Global commodity trading has been rocked in recent months by the seizure of a British tanker and a series of attacks on international merchant vessels that the U.S. and Britain have blamed on Iran. Tehran denies involvement.
 

Khafee

Administrator
Staff member
Joined
Nov 17, 2017
Messages
11,386
Reactions
226 21,486 1,077
Country
Saudi Arabia
Location
Saudi Arabia
Japan and China hold first joint maritime drills in eight years in sign of warming ties
  • Relations between the nations have been frosty since a September 2010 dispute over the Diaoyu/Senkaku Islands
  • But it is in the interest of Beijing and Tokyo to move away from confrontation and foster better trade ties, an expert says
by Julian Ryall
Published: 22 Oct, 2019
View attachment 11362
The guided-missile destroyer Taiyuan of the Chinese People's Liberation Army Navy. Photo: AP

Warships from Japan and China have carried out joint drills for the first time in eight years, the latest indication that long-chilly bilateral relations might once again be warming up.

The Japan Maritime Self-Defence Force (MSDF) destroyer Samidare carried out a series of radio communication and coordination exercises with the Chinese guided-missile destroyer Taiyuan in waters south of Japan on October 16, Japanese national broadcaster NHK reported on Tuesday.

The Chinese warship had been scheduled to take part in an international fleet review on October 14, but the event was called off after Super Typhoon Hagibis caused widespread damage across eastern Japan.

The defence ministries of both countries nevertheless decided to go ahead with the radio exercises, with Taiyuan becoming the first Chinese navy warship to visit Japan since 2009.

In December 2011, the MSDF destroyer Kirisame put into the Chinese port of Qingdao and carried out a number of events with their local counterparts in the city as well as communications exercises at sea.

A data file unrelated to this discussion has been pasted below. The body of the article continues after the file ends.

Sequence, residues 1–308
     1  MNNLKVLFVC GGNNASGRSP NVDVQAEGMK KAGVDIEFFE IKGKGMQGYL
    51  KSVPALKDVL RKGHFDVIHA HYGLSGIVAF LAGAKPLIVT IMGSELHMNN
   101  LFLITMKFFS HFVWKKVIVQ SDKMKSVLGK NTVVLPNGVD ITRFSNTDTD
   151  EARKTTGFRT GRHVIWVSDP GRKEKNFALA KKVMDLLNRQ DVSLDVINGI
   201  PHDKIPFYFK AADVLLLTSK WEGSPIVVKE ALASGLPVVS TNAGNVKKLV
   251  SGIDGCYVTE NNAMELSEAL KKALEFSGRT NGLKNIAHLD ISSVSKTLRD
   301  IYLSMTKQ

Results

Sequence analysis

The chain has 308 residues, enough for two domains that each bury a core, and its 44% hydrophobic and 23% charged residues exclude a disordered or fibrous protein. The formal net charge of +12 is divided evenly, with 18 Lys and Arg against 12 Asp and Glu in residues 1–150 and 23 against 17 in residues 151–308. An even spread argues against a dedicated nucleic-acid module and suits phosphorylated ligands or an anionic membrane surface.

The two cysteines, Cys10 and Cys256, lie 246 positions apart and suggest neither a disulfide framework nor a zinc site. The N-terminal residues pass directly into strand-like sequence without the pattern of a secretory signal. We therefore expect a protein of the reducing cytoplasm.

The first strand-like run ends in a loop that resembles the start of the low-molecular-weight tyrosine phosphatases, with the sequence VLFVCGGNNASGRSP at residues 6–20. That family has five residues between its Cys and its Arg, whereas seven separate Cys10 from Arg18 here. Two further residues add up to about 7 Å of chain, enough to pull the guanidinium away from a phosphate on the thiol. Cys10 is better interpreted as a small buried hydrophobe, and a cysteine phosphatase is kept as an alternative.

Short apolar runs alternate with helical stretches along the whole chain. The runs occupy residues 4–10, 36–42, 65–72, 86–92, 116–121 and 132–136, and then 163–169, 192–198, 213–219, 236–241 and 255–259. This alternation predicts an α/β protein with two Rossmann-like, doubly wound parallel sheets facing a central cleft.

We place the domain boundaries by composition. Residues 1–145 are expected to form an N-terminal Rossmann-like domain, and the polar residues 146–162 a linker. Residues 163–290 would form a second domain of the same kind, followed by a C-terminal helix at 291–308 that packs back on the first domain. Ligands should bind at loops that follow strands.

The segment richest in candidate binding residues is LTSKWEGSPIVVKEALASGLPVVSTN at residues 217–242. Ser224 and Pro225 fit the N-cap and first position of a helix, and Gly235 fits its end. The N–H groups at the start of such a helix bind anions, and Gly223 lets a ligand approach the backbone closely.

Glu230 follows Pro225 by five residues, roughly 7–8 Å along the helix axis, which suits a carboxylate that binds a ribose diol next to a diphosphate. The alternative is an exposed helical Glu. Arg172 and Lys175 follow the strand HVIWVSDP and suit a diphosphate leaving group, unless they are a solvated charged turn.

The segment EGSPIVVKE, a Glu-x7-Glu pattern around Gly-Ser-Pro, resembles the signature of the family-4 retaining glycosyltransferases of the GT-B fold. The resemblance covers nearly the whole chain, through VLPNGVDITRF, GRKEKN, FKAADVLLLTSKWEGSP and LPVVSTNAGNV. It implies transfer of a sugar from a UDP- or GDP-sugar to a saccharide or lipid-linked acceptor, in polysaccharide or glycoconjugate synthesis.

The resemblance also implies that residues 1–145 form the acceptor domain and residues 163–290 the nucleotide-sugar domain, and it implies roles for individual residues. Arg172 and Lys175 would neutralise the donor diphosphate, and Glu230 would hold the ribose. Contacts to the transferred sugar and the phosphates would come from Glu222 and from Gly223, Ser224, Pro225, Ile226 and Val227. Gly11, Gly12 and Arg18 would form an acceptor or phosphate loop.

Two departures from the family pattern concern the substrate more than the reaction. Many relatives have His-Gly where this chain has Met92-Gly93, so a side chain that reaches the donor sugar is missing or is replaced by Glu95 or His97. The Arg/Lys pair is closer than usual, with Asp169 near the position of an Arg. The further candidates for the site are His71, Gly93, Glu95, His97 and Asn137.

“This is all part of the diplomatic charm offensive by both countries as they try to patch things up and, in effect, normalise relations,” said Garren Mulloy, a professor of international relations at Japan’s Daito Bunka University and an authority on defence issues.

This can be seen as traditional diplomacy but with a focus on trade - Garren Mulloy, Daito Bunka University

“Both Tokyo and Beijing want to get away from confrontation and their primary aim is to have good trading relations for the mutual benefit of both nations. So this can be seen as traditional diplomacy but with a focus on trade behind these developments.”

Ties between Beijing and Tokyo came close to crisis point after a major diplomatic dispute in September 2010, when the crew of a Chinese trawler, Minjinyu 5179, were detained by the Japan Coast Guard on charges of operating illegally in Japanese waters around the Diaoyu Islands.

View attachment 11361
The Diaoyu/Senkaku Islands in the East China Sea are claimed by Japan, mainland China and Taiwan. Photo: Kyodo